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NCBiotech News

  • Oxygen Biotherapeutics is drawing attention from investors, consumers and job seekers. The pharmaceutical company has expanded quickly since relocating its headquarters from California to Durham a year ago. Earlier this year it started trading on the NASDAQ stock market, where it opened this week with a jump of as much as one-third since last week's close. It now has 13 people at its Durham headquarters, and it's actively adding more.
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  • Fayetteville State University is throwing a seriously scientific party for one of its prized scientists this Friday. Valeria Fleming, Ph.D., who has served FSU as a biology and biotechnology professor for 50 years, is to be honored with a free public science colloquium, Biology/Biotechnology: Linking the Past to the Future for our Students. It's at 2 p.m. in the campus' Seabrook Auditorium.
  • North Carolina women historically have more preterm births than the national average. And the state's infant mortality rate has also exceeded the American average. Now, thanks to a $151,246 Institutional Development Grant from the North Carolina Biotechnology Center, an interdisciplinary team of Appalachian State University researchers is buying lab equipment to study the preterm birth situation.
  • Today you can own a piece of a company that might someday recreate a piece of you. Pennsylvania-based Tengion, the high-profile regenerative medicine firm with a research office, a development laboratory and a pilot manufacturing facility in Winston-Salem, launches its initial public offering of stock today on the NASDAQ exchange under the symbol TNGN. The firm expected to sell six million shares, with an opening price of $5 a share.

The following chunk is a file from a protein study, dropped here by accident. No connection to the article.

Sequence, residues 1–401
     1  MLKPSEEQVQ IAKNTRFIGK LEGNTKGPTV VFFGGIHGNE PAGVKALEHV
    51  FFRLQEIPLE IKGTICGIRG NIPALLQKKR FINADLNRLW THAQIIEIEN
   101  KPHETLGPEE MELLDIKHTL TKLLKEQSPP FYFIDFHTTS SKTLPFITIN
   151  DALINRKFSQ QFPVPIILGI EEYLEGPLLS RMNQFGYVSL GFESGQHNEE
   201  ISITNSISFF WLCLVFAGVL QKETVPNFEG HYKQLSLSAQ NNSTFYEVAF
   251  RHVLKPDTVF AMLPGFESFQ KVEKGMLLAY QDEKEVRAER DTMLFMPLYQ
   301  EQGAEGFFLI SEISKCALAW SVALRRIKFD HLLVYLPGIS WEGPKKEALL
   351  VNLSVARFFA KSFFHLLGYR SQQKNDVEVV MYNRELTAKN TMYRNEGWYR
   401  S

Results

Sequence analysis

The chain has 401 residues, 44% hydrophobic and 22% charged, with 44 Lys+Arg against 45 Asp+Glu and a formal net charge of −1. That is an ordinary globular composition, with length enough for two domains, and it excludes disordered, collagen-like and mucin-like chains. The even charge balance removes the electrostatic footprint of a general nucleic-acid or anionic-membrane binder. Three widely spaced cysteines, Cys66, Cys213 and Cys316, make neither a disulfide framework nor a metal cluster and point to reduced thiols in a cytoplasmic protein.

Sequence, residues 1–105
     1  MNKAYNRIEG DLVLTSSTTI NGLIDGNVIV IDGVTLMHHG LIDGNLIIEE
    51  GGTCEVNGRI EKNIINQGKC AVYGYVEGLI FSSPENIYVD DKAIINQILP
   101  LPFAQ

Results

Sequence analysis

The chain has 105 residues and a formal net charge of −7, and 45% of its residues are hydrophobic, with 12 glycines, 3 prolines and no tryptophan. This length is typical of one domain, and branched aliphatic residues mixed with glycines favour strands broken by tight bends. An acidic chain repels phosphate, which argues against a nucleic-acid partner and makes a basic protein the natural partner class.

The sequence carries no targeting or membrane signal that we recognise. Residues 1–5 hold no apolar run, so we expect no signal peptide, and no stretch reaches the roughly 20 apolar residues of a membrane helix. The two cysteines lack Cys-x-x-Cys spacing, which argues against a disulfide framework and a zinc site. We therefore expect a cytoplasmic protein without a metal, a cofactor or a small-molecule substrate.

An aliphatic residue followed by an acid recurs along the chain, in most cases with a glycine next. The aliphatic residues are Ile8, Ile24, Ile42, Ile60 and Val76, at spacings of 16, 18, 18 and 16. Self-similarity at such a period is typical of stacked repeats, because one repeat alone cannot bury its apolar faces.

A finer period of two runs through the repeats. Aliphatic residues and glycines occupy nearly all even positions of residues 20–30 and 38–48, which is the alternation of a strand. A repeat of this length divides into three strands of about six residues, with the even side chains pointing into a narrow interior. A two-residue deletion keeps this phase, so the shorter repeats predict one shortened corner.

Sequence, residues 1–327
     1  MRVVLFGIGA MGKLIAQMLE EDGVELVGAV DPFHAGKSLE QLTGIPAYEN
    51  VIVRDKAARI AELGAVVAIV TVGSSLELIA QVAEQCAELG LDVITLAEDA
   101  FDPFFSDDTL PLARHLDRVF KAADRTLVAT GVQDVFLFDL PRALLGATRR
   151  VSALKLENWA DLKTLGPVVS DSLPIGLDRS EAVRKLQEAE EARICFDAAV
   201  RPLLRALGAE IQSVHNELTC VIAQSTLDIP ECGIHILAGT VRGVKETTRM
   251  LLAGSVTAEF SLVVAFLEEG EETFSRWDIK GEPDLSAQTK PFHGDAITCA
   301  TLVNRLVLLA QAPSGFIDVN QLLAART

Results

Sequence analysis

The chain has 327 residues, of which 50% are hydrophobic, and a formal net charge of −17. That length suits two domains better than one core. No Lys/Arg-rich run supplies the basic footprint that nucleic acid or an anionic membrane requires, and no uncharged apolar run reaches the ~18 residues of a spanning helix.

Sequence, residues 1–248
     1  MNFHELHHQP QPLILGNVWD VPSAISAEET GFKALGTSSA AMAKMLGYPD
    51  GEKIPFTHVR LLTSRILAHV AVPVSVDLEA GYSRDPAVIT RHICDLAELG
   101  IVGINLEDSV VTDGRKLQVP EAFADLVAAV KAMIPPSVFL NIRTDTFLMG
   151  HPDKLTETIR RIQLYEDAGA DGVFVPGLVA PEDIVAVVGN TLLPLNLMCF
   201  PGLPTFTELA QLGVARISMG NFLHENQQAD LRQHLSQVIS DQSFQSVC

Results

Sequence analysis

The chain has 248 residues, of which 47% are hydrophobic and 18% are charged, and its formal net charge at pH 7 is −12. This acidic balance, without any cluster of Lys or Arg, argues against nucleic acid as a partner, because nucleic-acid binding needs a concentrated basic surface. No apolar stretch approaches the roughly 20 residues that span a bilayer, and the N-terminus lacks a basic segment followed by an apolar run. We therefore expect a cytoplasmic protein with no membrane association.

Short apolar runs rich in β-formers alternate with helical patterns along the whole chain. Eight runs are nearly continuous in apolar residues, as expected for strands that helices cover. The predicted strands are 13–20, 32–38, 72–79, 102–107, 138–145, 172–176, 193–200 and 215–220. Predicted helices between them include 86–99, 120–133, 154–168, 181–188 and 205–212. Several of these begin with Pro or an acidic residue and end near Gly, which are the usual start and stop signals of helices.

• The Hamner Institutes for Health Sciences will get $5 million from Dow Chemical Co. to computerize chemical safety data. The five-year grant targets a Hamner program that tests chemical toxicity using human cells and high-speed computers.
  • Research Triangle Park-based public biopharmaceutical company Icagen hopes to raise some $25 million from outsiders. The 18-year-old clinical-stage firm has filed a shelf offering with the Securities and Exchange Commission, indicating plans to raise the money through sales of stock and/or through other means.
  • Pittsboro-based Biolex Therapeutics has announced positive results for its lead drug candidate, a new form of interferon to battle hepatitis C. The firm is developing a controlled-release interferon product, Locteron, to treat chronic hepatitis C. It's using duckweed -- a plant that can often be found on the surface of ponds -- to produce the protein needed for the medicine.
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  • Four North Carolina metro areas are among the top 25 places for doing business, according to recent rankings by The Raleigh metro area ranked third, and the Charlotte area came in 17th when scored by three criteria: cost of doing business, job growth projected and educational attainment. Asheville was # 21 and Durham 23.